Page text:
Growing Early Tomatoes Video

 

Growing Early Tomatoes Transcript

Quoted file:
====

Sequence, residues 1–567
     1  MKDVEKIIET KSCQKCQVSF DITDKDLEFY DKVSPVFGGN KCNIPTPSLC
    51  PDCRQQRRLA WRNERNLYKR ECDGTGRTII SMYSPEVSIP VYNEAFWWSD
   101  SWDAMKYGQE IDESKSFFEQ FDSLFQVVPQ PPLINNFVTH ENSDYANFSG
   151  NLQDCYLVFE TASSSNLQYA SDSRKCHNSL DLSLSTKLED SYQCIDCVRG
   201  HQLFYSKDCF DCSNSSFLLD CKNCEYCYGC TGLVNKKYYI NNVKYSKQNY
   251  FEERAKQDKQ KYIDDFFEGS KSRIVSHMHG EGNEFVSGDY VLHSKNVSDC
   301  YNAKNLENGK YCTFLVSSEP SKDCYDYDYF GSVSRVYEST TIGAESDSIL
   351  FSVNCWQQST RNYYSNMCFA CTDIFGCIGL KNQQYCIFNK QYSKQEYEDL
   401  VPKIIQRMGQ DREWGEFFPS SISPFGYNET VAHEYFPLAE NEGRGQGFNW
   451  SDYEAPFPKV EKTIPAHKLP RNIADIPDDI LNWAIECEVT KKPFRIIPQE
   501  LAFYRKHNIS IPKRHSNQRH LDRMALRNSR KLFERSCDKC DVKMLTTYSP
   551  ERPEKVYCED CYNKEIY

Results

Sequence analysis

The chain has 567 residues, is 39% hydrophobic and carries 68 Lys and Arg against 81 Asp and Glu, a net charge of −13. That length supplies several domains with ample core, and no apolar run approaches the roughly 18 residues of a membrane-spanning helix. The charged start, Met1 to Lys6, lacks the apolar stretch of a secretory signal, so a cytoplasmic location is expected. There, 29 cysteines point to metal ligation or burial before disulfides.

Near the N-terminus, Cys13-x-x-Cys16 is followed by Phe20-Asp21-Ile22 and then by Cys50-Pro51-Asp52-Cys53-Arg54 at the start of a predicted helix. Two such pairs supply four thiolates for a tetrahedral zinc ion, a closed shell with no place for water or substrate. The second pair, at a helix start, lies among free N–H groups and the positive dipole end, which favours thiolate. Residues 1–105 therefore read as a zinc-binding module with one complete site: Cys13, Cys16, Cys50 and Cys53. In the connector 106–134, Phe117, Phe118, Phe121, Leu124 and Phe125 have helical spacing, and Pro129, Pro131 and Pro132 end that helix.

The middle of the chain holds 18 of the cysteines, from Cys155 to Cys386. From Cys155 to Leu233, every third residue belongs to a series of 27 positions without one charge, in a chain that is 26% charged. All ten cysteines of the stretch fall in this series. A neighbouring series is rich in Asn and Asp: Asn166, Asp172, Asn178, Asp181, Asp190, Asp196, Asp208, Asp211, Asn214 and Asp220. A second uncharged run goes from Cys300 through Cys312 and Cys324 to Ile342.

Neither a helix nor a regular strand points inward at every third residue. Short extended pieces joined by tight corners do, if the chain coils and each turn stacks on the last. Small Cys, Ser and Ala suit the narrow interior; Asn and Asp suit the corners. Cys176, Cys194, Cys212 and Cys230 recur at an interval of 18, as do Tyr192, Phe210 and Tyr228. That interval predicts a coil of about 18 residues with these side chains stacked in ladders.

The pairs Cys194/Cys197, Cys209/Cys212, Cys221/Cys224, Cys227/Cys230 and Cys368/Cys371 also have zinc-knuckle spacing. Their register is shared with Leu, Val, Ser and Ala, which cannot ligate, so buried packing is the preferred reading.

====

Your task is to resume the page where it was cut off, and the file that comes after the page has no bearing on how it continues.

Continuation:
Hi, well we’re here to talk about Earlies today, about what the heck is an early tomato and why should you grow it here. We’re lucky to have a really growing season and we don’t have to grow the earlies. When we talk about early tomatoes in California, it means coastal, it means canyon, those places that have all-around cooler temperatures. That’s what that means. But for you, it means, short window. It’s literally that time, those days, in which you have enough heat, that is, to push a tomato, to make it go. A plant’s got a lot to do, it’s got a lot to do when you put it in the ground. You all know what ‘Early Girl’ is, right? Have you ever hear of ‘Early Girl’ the tomato? Well, that's the one that kind of started it all and the name says it all. This was a tomato that somebody said, “Wow, I can get this tomato really fast, watch me get Connecticut to buy it; I’ll put early in the name and there you go.” And that’s what happened. And there’s lots of them. Some of the fastest, and I’ll go through them now: do you know ‘Sungold?’ ‘Sungold’ is the orange cherry, that’s probably the world's favorite tomato right now--it’s sweet, it’s orange, 57 days. We’re talking about an average, really, but you can figure that in a couple of months you’re going to be able to pick ‘Sungold.’ You’re going to be able to do that at the end of July, if it’s happy. Some of the other fastest ones, there’s one called ‘Matina’ that’s a potato leaf variety. The leaf looks a little different than most other tomatoes. This is not ‘Matina’ but you see that leaf? That’s a potato leaf, obviously the tomato is in the potato family. Some of the varieties, often the older varieties, have this potato leaf. The structure of the plant isn’t any different other than the shape of what you’re looking at right there. ‘Taxi.’ If you want a tomato of a different color, there are choices so you don’t have to grow all small reds, like ‘Sungold’ is an orange, but ‘Taxi’ is a terrific yellow that’s also great. The reason that I like ‘Taxi,’ and this goes for a lot of these, and the earlies can be used for this almost better than most, is that ‘Taxi’ is a great container tomato. A lot of these earlies tend to be determinate. Do you know what that means? A determinate tomato is like a farmer’s tomato. It grows, it produces pretty much on the top of the plant, and then pretty much it’s done. So that all of its crop, or a lot of its crop, is available at one time. If I’m a farmer, that’s what I want--it grows, the crop is pretty much there, I harvest, I plow it under, and then I plant something else, right? If you‘re a home gardener, you don’t have to abide by those rules. You can grow what’s called an indeterminate tomato, and some of these are those. The vine, or the top of the plant, keeps growing all season, and it produces on side branching; the plant can get very, very large. Some of these are indeterminate. By-and-large most of these will be determinate--tidy, smaller, and perfect for container. Others that are really fast: there’s one called ‘Red Rocket.’ Again, seeds available everywhere; nobody grows out this tomato, we love it. It’s a terrific tomato, 60 days. A terrific little red. These are all going to be small to medium and this one is definitely small. ‘Gold Nugget.’ same kind of tomato in a yellow. Same kind of idea, 60 days. ‘Sweet 100.’ You all probably know that one, 70 days. That’s a real reliable cherry. I have a new pink grape. You know what the grape tomatoes are? They’re like a flattened cherry, they look like a grape, a little longer. The gourmet stores--you have them all over the place. We have one called ‘Rosalita,’ it’s a pink grape, 60 days. Others, there’s a whole list of these and I don’t need to go through all of them, but one called ‘Siberian’ is the fastest one out there and it’s 48 days. There’s a whole range of these. Siberian tomatoes, a lot of these tomatoes, came from places where they have even shorter windows than yours. A lot of these were developed at Oregon State University, and Idaho, and in Minnesota, and in Russia, and in Canada, and all of the rest of these where they have minuscule windows of growth opportunity. Well, listen, take your time out there, find those earlies, if that’s what you’re about. I think that’s the window you’re looking for, and have a great season. Thanks for coming everybody

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